Prognosis for neurological recovery in animals that retain deep pain perception postsurgically is fair to very good. The major factors that correlate with the degree of neurological improvement seen postsurgically are the animal's neurological status prior to surgery, the rapidity of onset of clinical signs, and the time interval between onset of clinical signs and surgical decompression. Animals that have severe neurological signs, a rapid onset of clinical signs (hours), and a long period of time before surgery generally have a prolonged recovery period and may have varying degrees of permanent neurological deficit.

The incidence of recurrence of clinical signs due to disk extrusion is greater in nonsurgically than surgically treated dogs. One author found that one-third of dogs with type I disk herniation that were treated nonsurgically had a recurrence of clinical signs, and generally showed greater severity of neurological deficits at the time of recurrence. Another author reported a recurrence rate of 40 per cent in nonsurgically treated dogs.

The advantages and disadvantages of various techniques for spinal cord decompression have been discussed. Surgical treatment is not without risks. Anesthesia is necessary, and surgery occasionally results in further spinal cord damage due to surgical manipulation. Nonsurgical treatment should be attempted in animals that are poor anesthesia or surgical candidates or if surgical treatment is not possible financially.

In animals with clinical signs of a complete transverse myelopathy, without deep pain perception for a period of more than 24 hours, the prognosis for return of spinal cord function is poor despite medical or surgical treatment. Some of these animals may improve neurologically if given sufficient time. However, it is a matter of controversy whether surgical treatment increases the probability of improvement or not. In cases in which deep pain perception has been absent for less than 24 hours, the prognosis for return of spinal cord function is poor. However, surgical treatment may increase the likelihood of neurological improvement in this group.

Regardless of whether medical or surgical treatment is instituted, animals that are paretic or paralyzed require intensive nursing care. Neurological improvement may take weeks or months and this requires owner cooperation and enthusiasm regarding care and physical therapy. Manual expression, intermittent catheterization, and /or indwelling catheterization of the bladder are often required to ensure emptying of the bladder. Weekly urinalysis, especially in animals that do not have voluntary control of micturition, is important in monitoring for urinary tract infection. It is also important to keep animals well padded, clean, and dry to prevent formation of pressure sores, and to ensure that caloric and water intake is adequate. Physical therapy does not result in neurologic improvement but helps to prevent disuse muscle atrophy associated with paraplegia or tetraplegia. Physical therapy should not be attempted in animals treated medically for at least the first 2 weeks following onset of signs, as further extrusion of disk material may occur.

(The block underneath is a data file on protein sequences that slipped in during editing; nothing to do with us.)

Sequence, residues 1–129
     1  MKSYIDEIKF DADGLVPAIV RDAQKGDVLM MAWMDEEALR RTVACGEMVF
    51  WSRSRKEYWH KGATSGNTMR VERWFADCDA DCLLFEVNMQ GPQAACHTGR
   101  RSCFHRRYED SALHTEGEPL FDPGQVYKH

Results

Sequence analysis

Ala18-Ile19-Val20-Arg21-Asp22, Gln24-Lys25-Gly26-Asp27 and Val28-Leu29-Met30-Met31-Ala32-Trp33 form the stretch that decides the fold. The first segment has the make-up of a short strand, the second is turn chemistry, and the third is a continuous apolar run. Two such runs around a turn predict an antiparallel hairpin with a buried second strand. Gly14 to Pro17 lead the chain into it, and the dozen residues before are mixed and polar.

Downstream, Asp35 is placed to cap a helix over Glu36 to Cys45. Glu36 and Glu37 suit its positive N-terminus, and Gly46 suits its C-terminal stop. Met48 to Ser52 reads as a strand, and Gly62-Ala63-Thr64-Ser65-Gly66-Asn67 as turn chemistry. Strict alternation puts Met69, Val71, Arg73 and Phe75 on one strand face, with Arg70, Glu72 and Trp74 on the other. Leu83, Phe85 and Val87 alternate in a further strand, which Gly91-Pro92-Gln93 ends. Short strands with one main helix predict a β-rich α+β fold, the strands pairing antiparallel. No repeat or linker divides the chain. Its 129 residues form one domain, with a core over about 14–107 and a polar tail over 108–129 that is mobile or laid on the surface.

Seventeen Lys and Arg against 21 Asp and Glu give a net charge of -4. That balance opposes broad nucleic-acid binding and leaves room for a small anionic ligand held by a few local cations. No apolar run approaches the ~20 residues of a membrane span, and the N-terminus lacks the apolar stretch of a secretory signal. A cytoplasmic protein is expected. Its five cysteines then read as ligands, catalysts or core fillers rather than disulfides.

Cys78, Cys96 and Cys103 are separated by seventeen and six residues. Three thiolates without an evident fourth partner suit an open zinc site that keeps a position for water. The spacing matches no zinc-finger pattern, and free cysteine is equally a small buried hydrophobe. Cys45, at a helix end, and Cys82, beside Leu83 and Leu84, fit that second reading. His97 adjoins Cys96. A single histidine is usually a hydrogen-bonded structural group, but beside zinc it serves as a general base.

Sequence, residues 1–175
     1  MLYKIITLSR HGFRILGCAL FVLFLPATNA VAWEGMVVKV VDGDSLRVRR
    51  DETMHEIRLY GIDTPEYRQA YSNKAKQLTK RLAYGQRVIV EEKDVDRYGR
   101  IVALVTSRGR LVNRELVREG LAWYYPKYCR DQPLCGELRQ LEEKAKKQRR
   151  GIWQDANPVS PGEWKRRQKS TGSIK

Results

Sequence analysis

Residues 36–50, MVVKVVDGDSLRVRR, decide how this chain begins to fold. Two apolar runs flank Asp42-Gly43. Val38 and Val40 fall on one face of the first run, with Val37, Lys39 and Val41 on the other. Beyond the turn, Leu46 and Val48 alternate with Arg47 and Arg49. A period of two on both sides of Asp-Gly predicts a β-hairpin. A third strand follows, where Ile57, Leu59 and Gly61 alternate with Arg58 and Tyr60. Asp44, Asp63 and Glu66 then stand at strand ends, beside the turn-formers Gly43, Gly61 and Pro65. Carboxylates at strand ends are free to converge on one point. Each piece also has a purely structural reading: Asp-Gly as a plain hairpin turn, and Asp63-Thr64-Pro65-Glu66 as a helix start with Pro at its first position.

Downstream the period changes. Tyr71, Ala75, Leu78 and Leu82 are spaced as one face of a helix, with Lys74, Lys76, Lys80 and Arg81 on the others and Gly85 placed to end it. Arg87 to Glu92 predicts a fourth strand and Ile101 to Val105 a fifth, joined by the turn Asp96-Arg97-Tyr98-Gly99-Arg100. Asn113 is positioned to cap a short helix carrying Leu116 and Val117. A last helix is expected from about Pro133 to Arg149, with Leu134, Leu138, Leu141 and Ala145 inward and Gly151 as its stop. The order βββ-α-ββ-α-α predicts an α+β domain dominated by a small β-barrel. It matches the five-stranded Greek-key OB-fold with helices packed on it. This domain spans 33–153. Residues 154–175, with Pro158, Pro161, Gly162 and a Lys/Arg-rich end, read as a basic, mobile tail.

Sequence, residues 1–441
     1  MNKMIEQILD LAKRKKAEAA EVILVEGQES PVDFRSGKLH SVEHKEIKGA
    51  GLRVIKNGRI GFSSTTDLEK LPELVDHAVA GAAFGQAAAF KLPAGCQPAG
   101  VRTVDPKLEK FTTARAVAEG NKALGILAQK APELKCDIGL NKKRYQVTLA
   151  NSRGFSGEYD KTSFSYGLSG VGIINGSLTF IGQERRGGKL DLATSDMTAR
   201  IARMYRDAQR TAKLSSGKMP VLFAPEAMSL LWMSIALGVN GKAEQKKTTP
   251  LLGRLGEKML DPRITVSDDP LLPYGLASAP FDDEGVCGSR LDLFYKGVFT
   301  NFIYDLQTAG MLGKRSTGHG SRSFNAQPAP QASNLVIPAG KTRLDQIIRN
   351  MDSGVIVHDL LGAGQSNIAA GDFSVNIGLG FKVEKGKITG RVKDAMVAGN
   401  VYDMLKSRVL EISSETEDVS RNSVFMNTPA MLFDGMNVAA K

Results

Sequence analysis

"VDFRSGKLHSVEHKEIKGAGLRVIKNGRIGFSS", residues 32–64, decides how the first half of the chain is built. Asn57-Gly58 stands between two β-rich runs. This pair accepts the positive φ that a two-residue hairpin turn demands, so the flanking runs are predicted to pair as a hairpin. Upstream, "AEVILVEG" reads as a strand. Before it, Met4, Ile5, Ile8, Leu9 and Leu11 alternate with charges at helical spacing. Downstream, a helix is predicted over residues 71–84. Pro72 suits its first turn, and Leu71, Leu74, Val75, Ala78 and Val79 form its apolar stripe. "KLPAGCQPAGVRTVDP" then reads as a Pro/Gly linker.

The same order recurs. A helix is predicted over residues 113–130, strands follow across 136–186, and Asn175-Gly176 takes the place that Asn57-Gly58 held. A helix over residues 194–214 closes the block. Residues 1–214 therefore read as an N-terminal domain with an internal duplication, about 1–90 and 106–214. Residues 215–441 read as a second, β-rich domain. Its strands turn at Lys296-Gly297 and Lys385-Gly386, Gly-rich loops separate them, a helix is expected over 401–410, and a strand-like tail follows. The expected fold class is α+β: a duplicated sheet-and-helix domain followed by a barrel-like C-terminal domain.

Type II Disk Protrusion

Treatment with corticosteroids may result in neurological improvement for variable periods of time in animals with type II disk protrusion. However, corticosteroid therapy is not curative. The reason for this improvement is not clear, as intramedullary hemorrhage and edema seen in cases of acute spinal cord injury are not a feature of chronic spinal cord compression. In the thoracolumbar spine, surgical removal of protruded disk material may result in clinical improvement. However, the neurological status of some dogs is worsened permanently despite careful surgical technique. The reasons for this are not known, but increased vascular permeability has been described in the spinal cord associated with release of chronic spinal cord compression and this probably plays a role in this phenomenon. Ventral decompression in the cervical spine allows removal of protruded type II disk material and neurologic improvement may occur over several months; however, some dogs, especially those with moderate to severe neurologic deficits prior to surgery, may manifest temporary or permanent worsening of clinical signs postoperatively.

Speaker Information
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Richard A. LeCouteur, BVSc, PhD, DACVIM (Neurology), DECVN
University of California
Davis, California, USA